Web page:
Former major league pitcher Jim (Mudcat) Grant wouldn't mind if one of his current enterprises goes out of business.
Grant, whose major league career began in 1958 and ended after the 1971 season, would like to see his Black Golfers Assn. Tournaments become so successful that there would no longer be a need for it.
BGAT, which he started in 1986, sponsors tournaments primarily for black professional golfers, but the number of its tournaments and their purses are a far cry from those of the Professional Golfers' Assn.
BGAT has staged no more than four tournaments annually in the past five years in contrast to the many events of the PGA. Purses on the infant BGAT tour are more likely to run five figures rather than six or seven.
Grant, who has put on tournaments in cities such as Cleveland, Memphis, Tenn., Tampa, Fla., and Birmingham, Ala., says he has lost money nearly every year with his black tour.
"In some cases, we've had to use entry fees for purses, but that's not a complaint," he said. "I think it takes four or five years to attract attention and get sponsors interested."
But money is not what BGAT is all about. It exists to give blacks more opportunities to play and polish their games and to hopefully one day serve as a feeder to the PGA, according to Grant, who lives part of the year in Cleveland and part in Los Angeles and has an office in the Crenshaw area.
"I'm trying to provide black golfers with the opportunity to realize their dreams as professional golfers," he said. "They are facing obstacles that can be hurdled based on the attention that you give them."
Time and expense are among the obstacles facing golfers attempting to qualify for the PGA tour, he said.
Grant, 55, hopes to erase some of those obstacles by providing competition for the PGA tour. He would like to see more BGAT tournaments with purses that rival those of the PGA. He would like to see more whites as well as blacks achieve success and win money on the BGAT tour and use it as a vehicle to join the PGA tour. He thinks that players who are successful on his tour would eventually find it easier to become eligible to play in PGA tournaments.
When that goal has been achieved, he said, "that's when I want to go out of business."
BGAT purses have averaged between $20,000 to $25,000, not much of a payoff for top professional golfers.
Grant says a big problem has been attracting tournament sponsors, who seem to be unaware that blacks in the United States are very interested in golf.
He said that research has shown that the top participation sport for blacks is softball and that golf is No. 2.
A golfer himself with a handicap "a little over scratch," Grant said that blacks "may not be the best golfers in the world, but we look like the best golfers in the world." He said that black golfers would be receptive to advertising from manufacturers who would sponsor BGAT tournaments.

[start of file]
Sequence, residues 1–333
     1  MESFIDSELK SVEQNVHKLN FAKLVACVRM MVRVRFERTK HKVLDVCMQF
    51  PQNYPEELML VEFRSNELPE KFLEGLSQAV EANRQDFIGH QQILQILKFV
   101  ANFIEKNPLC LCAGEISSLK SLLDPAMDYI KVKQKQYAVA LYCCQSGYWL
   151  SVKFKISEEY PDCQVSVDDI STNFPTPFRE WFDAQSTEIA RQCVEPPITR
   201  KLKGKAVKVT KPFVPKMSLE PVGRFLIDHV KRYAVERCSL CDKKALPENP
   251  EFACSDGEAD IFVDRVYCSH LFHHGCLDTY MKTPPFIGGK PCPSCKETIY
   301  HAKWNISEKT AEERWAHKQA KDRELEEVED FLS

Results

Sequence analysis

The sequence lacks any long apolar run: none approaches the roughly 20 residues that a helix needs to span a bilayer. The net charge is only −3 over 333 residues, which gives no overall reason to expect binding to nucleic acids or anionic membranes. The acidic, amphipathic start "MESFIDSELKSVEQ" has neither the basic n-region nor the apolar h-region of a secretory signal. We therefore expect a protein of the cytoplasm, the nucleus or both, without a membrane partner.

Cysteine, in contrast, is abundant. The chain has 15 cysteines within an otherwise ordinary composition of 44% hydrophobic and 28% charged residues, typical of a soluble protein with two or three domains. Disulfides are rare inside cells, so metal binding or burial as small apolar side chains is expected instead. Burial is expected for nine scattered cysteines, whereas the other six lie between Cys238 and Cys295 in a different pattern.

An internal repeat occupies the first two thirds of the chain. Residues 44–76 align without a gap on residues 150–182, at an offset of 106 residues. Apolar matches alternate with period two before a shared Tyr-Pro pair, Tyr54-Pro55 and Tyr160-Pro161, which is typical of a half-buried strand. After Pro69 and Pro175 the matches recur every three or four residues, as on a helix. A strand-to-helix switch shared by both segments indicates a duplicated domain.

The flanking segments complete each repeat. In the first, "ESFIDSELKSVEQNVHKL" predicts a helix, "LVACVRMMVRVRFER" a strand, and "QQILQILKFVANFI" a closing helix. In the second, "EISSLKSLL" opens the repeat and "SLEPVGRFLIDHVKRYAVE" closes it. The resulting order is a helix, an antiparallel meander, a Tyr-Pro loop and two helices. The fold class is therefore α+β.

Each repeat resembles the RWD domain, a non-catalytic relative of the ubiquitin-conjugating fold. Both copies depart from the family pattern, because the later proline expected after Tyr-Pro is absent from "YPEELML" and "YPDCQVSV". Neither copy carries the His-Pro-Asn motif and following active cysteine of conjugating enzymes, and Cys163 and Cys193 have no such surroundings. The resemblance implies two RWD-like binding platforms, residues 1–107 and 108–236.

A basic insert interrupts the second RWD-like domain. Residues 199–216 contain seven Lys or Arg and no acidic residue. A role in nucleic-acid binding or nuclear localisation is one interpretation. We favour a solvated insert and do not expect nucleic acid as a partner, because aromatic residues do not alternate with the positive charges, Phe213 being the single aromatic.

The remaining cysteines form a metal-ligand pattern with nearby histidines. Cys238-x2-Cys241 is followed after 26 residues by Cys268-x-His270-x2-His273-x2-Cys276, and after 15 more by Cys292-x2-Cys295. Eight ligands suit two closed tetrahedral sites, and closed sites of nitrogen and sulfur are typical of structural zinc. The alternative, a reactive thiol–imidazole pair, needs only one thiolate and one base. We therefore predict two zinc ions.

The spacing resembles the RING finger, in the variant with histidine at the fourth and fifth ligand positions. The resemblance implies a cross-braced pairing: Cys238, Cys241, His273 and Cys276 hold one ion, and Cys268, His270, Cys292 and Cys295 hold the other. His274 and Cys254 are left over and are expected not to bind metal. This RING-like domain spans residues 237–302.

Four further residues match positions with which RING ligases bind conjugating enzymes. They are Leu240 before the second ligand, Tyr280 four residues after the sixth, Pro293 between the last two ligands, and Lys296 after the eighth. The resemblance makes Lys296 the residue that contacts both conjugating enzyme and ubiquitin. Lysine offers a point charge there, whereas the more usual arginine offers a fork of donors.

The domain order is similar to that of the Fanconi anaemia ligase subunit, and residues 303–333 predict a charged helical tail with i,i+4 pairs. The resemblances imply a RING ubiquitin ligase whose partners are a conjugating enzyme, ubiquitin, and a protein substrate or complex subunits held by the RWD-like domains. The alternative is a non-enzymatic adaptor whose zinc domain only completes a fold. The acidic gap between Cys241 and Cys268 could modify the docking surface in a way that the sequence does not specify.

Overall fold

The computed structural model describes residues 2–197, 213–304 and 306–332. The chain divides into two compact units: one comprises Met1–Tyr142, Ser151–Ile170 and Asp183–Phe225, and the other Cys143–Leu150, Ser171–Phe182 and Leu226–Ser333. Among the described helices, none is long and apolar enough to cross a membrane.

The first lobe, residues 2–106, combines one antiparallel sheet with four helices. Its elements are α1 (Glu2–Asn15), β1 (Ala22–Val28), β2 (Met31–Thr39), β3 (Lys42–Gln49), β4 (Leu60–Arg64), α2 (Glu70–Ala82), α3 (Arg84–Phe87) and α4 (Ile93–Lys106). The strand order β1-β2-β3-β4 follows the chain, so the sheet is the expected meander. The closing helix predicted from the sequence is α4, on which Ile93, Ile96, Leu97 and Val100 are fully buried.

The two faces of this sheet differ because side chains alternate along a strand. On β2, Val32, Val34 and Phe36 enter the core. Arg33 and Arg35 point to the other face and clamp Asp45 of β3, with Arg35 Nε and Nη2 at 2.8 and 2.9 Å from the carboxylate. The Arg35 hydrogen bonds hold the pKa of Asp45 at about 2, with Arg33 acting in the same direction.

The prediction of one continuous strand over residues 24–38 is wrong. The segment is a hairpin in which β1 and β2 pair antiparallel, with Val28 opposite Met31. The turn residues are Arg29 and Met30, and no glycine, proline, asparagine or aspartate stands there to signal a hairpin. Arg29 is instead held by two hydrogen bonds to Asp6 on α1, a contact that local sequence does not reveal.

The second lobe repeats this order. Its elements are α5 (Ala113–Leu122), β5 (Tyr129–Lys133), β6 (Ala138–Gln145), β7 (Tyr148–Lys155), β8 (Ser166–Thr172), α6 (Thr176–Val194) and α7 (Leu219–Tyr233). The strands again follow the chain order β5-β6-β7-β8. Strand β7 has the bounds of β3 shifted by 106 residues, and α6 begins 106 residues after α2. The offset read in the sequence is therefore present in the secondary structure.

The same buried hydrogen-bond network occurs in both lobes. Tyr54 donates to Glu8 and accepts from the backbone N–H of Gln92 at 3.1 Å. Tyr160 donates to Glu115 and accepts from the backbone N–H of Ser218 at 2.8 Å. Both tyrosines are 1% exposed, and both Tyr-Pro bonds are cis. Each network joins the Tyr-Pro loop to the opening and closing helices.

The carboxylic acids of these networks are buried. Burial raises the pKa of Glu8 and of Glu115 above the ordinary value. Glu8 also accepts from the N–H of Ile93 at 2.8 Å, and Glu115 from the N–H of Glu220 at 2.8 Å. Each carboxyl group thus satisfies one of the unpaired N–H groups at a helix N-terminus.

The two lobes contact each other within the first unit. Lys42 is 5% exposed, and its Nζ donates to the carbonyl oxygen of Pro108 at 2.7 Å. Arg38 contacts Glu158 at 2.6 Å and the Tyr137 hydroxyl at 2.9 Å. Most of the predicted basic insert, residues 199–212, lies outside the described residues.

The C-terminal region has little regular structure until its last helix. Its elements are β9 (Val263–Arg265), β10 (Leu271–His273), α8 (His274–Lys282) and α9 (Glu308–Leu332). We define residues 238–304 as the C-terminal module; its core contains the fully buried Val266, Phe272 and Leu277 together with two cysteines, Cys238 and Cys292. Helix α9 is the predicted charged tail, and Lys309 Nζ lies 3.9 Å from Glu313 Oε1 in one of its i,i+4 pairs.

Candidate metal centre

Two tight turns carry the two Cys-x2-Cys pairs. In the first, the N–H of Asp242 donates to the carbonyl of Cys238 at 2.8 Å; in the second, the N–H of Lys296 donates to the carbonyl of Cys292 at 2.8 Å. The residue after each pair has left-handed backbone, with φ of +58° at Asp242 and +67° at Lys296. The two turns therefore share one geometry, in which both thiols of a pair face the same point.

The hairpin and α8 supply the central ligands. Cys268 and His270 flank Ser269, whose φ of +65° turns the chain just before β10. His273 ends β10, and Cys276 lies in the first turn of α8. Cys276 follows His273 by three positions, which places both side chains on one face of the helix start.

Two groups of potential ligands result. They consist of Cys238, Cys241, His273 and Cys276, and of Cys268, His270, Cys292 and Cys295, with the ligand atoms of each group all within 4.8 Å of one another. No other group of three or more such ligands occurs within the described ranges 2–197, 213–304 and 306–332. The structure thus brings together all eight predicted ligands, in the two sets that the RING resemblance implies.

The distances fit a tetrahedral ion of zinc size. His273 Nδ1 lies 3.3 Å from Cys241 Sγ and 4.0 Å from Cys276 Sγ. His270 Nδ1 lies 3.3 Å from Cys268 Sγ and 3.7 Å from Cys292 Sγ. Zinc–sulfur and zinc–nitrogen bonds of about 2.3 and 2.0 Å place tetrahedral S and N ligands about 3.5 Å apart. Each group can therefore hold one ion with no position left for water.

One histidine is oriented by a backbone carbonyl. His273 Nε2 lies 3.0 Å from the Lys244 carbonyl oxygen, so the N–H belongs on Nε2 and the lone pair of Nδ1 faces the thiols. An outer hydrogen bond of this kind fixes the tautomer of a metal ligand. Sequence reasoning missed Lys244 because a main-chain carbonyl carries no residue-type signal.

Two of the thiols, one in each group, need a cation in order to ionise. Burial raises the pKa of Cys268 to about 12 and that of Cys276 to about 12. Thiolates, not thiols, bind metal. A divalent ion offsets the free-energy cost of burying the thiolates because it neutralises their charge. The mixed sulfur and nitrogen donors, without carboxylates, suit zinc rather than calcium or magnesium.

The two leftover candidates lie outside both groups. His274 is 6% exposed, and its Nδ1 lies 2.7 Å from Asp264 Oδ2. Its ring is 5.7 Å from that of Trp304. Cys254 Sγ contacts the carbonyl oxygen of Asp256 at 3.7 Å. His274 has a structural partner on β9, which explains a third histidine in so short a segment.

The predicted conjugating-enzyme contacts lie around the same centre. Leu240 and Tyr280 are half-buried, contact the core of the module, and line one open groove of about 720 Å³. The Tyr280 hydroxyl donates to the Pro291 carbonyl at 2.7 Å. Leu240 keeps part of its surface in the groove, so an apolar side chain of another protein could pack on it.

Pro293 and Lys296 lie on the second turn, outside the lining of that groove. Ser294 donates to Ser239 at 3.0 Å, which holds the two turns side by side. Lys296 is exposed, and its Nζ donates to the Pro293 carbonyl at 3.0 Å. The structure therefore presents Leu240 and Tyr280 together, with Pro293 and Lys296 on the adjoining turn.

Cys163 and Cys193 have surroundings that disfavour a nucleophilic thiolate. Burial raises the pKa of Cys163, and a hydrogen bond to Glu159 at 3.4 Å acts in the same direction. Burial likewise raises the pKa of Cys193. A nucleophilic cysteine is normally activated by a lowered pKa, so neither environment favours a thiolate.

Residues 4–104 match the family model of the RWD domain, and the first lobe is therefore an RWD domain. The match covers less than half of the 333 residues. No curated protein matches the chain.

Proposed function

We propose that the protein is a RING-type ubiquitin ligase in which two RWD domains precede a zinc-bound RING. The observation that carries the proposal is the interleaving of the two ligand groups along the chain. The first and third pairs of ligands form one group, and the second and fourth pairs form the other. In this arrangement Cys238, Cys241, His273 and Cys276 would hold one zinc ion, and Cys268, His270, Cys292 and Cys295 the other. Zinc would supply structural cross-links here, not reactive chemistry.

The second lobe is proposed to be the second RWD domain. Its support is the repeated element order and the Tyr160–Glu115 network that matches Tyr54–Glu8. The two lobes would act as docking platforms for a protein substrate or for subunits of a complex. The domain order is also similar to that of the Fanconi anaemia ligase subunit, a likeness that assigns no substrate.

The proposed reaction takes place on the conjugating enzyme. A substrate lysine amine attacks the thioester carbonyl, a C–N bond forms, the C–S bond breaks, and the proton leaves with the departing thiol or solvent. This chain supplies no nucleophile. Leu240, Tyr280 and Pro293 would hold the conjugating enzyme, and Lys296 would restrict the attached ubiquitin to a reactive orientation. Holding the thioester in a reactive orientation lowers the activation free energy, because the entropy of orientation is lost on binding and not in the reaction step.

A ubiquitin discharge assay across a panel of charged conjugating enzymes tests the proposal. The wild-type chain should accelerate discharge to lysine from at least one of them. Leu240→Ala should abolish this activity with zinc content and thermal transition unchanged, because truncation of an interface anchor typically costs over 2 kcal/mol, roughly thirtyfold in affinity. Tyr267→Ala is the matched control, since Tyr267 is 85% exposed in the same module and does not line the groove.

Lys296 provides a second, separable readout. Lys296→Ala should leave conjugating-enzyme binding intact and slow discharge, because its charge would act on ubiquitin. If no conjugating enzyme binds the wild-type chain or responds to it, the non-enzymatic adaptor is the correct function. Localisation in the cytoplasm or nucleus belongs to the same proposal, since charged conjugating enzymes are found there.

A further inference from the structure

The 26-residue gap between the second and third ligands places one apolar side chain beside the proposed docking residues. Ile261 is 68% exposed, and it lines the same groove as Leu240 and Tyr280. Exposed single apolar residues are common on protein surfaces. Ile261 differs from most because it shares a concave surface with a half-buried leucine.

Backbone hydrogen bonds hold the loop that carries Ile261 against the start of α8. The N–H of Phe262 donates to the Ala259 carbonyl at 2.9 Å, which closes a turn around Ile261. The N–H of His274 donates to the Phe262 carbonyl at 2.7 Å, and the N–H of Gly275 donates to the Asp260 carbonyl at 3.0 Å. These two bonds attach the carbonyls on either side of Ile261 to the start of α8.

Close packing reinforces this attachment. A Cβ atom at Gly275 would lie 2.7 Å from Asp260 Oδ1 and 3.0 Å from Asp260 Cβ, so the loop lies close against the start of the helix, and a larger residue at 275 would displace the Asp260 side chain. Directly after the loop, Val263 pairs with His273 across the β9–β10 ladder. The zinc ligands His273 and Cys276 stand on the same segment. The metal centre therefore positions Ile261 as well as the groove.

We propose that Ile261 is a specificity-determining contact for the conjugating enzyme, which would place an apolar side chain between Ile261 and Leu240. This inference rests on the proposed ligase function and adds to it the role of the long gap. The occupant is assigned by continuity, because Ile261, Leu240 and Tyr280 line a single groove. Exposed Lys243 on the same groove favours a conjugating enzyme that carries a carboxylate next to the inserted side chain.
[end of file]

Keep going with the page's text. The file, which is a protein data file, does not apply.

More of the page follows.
He said that sponsors "forget that blacks do watch golf (on television) and do spend a tremendous amount of money on golf."
Sponsors, he said, can reach the black consumer through the tours, and BGAT could become a "happy marriage" between sponsors and top black golfers coming out of colleges and joining BGAT.
Meanwhile, BGAT struggles, and Grant says he makes up losses on the black tour from money he earns from speaking engagements and signing autographs at baseball card and memorabilia shows.
He has held a variety of jobs since he retired from baseball after the 1973 season. He ended his career as a relief pitcher for the Oakland Athletics' triple-A farm club in Des Moines, Iowa.
He spent a decade as director of community affairs for the Cleveland Indians, his first major league club. He has been a television commentator on baseball and a host on radio sports talk shows. He has been a rhythm and blues singer with his own group, Mudcat and the Kittens.
A current project is his Slugout, in which former major leaguers compete in home-run hitting contests on tours of cities that have minor league baseball teams. Slugout also includes programs for literacy and against drug abuse as well as baseball clinics.
Although he is no longer a major league player, he remains very much a part of baseball. He is vice president of the Major League Baseball Players Alumni. When he makes personal appearances at schools or baseball clinics, he said, he wears a Cleveland Indians uniform.
He spent his first seven years in the major leagues with the Indians. He also played for Minnesota, the Dodgers, Montreal, Oakland and finished his big league career by splitting the 1971 season with Pittsburgh and Oakland. His career record was 145-119.
In 1965 with the Minnesota Twins, he had his best record, 21-7. He was also 2-1 in the 1965 World Series, won by the Dodgers.
But he thinks his most effective season was in 1970 as a relief pitcher for Oakland and Pittsburgh. That year he was 8-3 with a 1.87 earned-run average and 24 saves.
His biggest moment in baseball, he said, was when he struck out Roger Maris and Mickey Mantle before 80,000 at Cleveland Stadium in 1961. In 1961, Mantle hit 54 home runs, and Maris broke Babe Ruth's single-season record of 60 homers by hitting 61.
Grant may someday turn his efforts toward helping black women qualify for the Ladies Professional Golfers Assn. He said there have been some black women in pro golf in the past, including former tennis great Althea Gibson and Renee Powell, but he said that he knows of none today.
"I think it's even tougher for black women than for black men to play golf on the professional level," he said. "We've made it really nice and attractive for males in the way of prizes, but for (amateur) women, we've had some stale old trophy (in the pro-am sections of his tournament). We've got to make it as attractive for women as for men and give them some incentive."